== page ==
So… for me, the secular argument doesn’t pass muster, and is a bit dangerous if you desire to protect marriage from a faith-based standpoint. There are too many exceptions on both sides, and the medical literature is very difficult to interpret — because no one on either side ever conducts the studies without knowing in advance what they want to prove. The hard truth (in my analysis) is that we don’t have a full understanding of the impact.
That brings me back to square one, which is based on my beliefs as a follower of Christ. I have a zillion reasons why I want holy matrimony to be sustained and protected. In a faith setting, I believe that the simple fact that a man and woman are required to make a baby is a large statement by our Creator… a “biological mandate”, if you will.
That “mandate” is (in my opinion) is extemely helpful as we try to determine God’s design and is something I’ve been pondering quite a bit lately. As well as the fact that (not to be crude) men and women… well… “fit together” in a manner that two women or two men do not. I’m just being a practical doctor here, and don’t mean to offend. Those two things remind me of Paul’s words, “He has made the truth plain to them…”
In terms of legal marriage for everyone, though (Christian and non-Christian)… my mind continues to struggle with trying to make a civil marriage into a sacrament for those who don’t share our faith. I’m trying to understand if there is biblical support for a political agenda that places our faith-based requirements on those outside our faith… I just started looking so I don’t have conclusions yet. But, something about it feels very confusing to me. As though I’m trying to apply principles from two different systems and make them fit. Like combining pounds and ounces with grams and kilograms.
Any time I begin to feel that tight, constricting feeling that we are losing control… I try to remember the context of the Scriptures. Christians weren’t in control of ANYTHING… and daily had to choose how long they would remain underground, before speaking their convictions with the likely result of death. And yet, the gospel spread to the “ends of the earth.”
Now that we are the majority, then our struggles are different. Sometimes, they are harder. We can enforce our way on others, and protect our institutions… and perhaps we should. But, we can also lose our mission in the process. It comes back to the somewhat cheesy saying of “What would Jesus do?”
I wish I could answer that definitively. I have no doubt He would love to hang out at wedding ceremonies. But I also think He would likely hang out in a gay bar, too. Perhaps the struggle and tension of these kinds of “culture wars” are precisely what He intends, to challenge us to understand our calling both inside the church walls, as well as out in the world as the salt and light He intends.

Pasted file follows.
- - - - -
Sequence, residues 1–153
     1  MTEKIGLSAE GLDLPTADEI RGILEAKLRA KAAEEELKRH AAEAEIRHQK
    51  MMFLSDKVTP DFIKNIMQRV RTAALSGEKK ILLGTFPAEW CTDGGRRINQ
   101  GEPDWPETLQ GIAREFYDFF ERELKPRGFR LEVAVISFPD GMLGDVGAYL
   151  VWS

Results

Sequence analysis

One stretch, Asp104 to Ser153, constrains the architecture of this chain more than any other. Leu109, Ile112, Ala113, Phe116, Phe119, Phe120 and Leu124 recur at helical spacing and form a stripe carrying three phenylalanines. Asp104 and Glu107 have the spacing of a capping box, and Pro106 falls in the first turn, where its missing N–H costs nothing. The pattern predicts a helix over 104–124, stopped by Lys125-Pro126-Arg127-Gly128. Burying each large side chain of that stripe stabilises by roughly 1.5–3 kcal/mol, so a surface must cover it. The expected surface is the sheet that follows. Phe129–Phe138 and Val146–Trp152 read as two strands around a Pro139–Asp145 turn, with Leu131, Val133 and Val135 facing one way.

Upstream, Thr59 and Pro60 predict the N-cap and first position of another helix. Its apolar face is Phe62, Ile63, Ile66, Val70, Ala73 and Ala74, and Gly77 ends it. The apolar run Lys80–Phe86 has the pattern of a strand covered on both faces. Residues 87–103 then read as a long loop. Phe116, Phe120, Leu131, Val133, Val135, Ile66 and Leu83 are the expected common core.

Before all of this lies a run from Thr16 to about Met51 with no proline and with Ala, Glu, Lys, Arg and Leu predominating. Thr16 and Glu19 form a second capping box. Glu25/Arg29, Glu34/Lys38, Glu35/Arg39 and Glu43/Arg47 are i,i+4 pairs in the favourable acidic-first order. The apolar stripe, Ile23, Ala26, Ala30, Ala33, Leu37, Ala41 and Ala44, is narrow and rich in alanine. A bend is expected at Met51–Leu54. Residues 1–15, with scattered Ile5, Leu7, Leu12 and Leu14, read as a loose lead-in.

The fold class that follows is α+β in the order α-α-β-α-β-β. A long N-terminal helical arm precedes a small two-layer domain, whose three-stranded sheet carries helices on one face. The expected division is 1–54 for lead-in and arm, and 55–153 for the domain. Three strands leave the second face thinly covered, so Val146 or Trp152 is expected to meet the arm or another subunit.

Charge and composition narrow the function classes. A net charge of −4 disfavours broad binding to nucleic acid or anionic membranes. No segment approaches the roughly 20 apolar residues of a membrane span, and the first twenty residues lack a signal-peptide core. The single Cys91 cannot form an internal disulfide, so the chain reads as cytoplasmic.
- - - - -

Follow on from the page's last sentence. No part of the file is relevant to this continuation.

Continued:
Good stuff, Tim. Thanks. Sorry for the length — edit as you choose.
Cliff Foreman says
In light of Joani’s post, here’s one more important idea. The Puritans always held that marriage was a civil institution. In the Bible, God institutes it in the garden. It’s intended for the whole human race. So it’s not a sacrament or command to the people of God. On that basis, we aren’t legislating our own religion so much as a creation structure. Even the Greeks and Romans, who practiced homosexual sex and bonding, held to the institution of heterosexual marriage. Of course, we believe it is a creation structure because we believe the Bible teaches that, and our culture has lost any sense of obedience even to the structures of human nature. So we are left with arguing for what should be a common understanding of human nature based on the statements of the Bible about that nature. Just a couple of decades ago most people in our culture would have shared our assumptions, but I remember saying back in the early nineties that I thought we had already lost this argument.
Tim Filston says
Thank you for these contributions. I hope others will become freer to weigh in down the road, especially those who disagree. Comments are a big part of what makes a blog like this work. In the private feedback I have received, I hear the video has offended. I expected as much, but part of the purpose here is to be able to speak more openly about things which need to be discussed between people who disagree. My main point is an ideal of what it can look like to do that with a certain tone. I also see in this video the respectful suggestion that our egalitarian culture, leveling all differences, is not neutral, and it is not without faith-based commitments.